BUTLER: Obviously we need to ensure that there is enough dispatchable power through the system but I think you need to look through all the submissions that have been made to the Energy Security Board over the last month or two - I have been looking at them over the last few weeks, and engaging with all the relevant bodies. They are concerned this is a solution to a problem that doesn’t exist. You look at the Energy Market Operator’s report around reliability; they indicate the standard has not been breached on any occasion, anywhere in the system, since 2009 - and there is no forecast of any reliability breach. So there is a danger, I think, while we, of course, have to ensure there is enough flexible, dispatchable, reliable power -

SPEERS: Yeah but if we put the foot on the accelerate of renewables as you are suggesting, if we really ramp that up then we may see reliability problems if coal is shutting down and more wind and solar are opening up?

BUTLER: Absolutely and we have got to have a Market Operator, AEMO, that is keeping an eye on that - as they are at the moment.

SPEERS: Which is what this reliability guarantee will do?

BUTLER: Well we don’t know about that, that’s part of the challenge; we don’t know that there is not the risk that this reliability guarantee becomes a political device to satisfy the coal proponents in the Coalition party room.

SPEERS: But it is the regulators who are putting this forward?

BUTLER: To a degree - under instruction about what design Malcolm Turnbull and Josh Frydenberg think they need to be able to get it through the Coalition party room. All I say is that across the industry, the big old coal generators, the renewable energy sector, big users, consumer groups like ACOSS and others - they are all concerned that there is a danger that this reliability guarantee will be overdone, to the extent we end up going down another process of gold plating the system at a cost that ultimately will be borne by households and businesses.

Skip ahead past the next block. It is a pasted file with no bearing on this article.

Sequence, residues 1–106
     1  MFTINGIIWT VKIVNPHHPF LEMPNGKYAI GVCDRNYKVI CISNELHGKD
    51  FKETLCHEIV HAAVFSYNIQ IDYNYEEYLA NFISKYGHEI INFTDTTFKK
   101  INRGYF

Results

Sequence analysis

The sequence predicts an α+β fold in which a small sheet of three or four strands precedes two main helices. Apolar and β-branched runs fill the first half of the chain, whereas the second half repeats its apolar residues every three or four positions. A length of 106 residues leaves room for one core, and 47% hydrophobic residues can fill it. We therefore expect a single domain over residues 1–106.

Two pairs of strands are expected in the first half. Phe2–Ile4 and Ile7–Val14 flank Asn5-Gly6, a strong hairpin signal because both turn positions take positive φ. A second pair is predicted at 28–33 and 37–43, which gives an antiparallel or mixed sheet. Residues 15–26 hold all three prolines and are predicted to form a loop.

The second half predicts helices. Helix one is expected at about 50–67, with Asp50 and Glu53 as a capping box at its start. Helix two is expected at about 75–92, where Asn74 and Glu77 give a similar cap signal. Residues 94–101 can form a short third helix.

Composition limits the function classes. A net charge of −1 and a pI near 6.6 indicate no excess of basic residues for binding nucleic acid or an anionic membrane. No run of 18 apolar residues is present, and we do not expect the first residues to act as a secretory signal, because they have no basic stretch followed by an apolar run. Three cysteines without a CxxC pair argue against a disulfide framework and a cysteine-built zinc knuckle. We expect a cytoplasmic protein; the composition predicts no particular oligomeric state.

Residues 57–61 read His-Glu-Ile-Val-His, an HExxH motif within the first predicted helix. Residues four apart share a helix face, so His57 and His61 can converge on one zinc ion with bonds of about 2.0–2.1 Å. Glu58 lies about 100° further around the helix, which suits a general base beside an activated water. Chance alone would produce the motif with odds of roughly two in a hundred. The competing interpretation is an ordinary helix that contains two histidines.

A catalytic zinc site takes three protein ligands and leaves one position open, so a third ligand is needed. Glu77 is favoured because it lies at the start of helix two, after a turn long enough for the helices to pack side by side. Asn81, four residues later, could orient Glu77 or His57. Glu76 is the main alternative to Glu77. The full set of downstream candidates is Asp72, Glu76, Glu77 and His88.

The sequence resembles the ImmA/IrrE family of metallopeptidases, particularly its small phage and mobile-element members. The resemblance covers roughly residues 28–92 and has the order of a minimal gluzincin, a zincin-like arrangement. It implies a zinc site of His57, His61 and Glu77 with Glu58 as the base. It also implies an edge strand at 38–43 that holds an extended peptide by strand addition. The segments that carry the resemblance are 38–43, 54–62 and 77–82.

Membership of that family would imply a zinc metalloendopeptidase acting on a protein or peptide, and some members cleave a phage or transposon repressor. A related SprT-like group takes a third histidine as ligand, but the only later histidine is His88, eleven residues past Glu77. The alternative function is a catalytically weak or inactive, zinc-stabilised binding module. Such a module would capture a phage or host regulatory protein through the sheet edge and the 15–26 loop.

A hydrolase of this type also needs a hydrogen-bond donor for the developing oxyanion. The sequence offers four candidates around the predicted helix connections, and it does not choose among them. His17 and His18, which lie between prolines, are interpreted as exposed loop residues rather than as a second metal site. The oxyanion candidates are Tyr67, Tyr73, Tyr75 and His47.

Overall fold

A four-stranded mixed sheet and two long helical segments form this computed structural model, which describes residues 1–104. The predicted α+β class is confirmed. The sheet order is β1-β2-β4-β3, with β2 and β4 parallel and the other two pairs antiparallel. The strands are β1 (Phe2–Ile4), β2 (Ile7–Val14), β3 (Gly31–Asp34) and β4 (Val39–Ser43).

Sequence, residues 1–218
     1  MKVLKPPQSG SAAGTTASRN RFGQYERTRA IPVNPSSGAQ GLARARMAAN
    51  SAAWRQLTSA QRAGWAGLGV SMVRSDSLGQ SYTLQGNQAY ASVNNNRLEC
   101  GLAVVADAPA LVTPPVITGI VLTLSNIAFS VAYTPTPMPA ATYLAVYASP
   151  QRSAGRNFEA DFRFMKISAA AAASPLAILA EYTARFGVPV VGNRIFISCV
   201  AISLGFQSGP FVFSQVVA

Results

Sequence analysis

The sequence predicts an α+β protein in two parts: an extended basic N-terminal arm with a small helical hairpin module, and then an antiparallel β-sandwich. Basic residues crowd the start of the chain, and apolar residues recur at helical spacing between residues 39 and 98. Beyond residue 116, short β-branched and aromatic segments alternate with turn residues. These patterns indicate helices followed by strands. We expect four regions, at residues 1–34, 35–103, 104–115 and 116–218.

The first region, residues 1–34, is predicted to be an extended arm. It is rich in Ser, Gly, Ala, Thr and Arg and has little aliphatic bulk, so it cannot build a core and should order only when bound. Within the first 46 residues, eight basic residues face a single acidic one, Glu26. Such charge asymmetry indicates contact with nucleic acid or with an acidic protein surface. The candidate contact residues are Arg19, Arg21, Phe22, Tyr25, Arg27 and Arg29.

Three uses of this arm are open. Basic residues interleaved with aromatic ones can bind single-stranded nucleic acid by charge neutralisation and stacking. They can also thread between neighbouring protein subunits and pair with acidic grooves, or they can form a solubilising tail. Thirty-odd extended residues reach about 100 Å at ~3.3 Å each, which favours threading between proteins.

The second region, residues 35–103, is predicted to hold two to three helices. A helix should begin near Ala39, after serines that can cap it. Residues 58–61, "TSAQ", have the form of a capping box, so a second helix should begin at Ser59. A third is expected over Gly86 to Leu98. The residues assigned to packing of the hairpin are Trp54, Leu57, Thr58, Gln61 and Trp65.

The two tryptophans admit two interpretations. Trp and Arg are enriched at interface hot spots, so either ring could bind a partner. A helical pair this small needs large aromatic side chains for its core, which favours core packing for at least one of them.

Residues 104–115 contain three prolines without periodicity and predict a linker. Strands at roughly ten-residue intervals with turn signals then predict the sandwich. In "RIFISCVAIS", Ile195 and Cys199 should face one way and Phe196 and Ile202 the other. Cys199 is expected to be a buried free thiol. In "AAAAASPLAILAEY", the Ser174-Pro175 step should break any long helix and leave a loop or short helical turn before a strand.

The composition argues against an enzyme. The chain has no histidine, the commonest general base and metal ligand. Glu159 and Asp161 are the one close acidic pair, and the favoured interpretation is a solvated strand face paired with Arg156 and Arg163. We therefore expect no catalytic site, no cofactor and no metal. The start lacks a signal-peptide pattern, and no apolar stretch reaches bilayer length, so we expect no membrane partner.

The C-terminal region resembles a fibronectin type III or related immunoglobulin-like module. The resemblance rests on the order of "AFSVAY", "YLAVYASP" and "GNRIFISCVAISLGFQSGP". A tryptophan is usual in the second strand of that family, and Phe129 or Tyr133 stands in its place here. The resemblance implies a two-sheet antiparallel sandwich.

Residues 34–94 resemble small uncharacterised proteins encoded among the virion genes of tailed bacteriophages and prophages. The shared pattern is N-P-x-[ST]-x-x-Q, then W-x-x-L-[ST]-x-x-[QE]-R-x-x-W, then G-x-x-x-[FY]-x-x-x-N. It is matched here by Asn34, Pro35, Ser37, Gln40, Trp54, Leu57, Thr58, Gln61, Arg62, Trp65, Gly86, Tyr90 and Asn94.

SPEERS: A final one, the Energy Users Association this afternoon has welcomed at least what the Minister was saying about certainty. They said, “while the National Energy Guarantee may not be perfect it does have the potential to deliver investment grade energy policy and the certainty we desperately need.” Do you accept while it may not be the perfect solution as far as you are concerned, after a decade of this we do need a solution?

BUTLER: We’ve been saying that for years. We thought we were there in 2016, we thought we were there last year with Alan Finkel’s report. We still hold out hope for the National Energy Guarantee. But we are not going to agree to something that bakes in elements of design that do real harm to the system and do real harm to consumers.

There is another element that all of the sector and bodies like the ACCC and the stock exchange have pointed to, and that is the current design is almost certain to increase the power of the big three retailers rather than reduce it. And also to significantly reduce the depth and the liquidity in the contracts market system that is an important price stabiliser.

These things can be worked on, they can be overcome. But they can only be overcome if Malcolm Turnbull and Josh Frydenberg are willing to stand up to the hard right in their Coalition party room which has effectively demanded these very poor elements of the design.

SPEERS: Mark Butler, Shadow Minister for Climate Change and Energy, thank you very much for joining us this afternoon.

BUTLER: Thanks David.

ENDS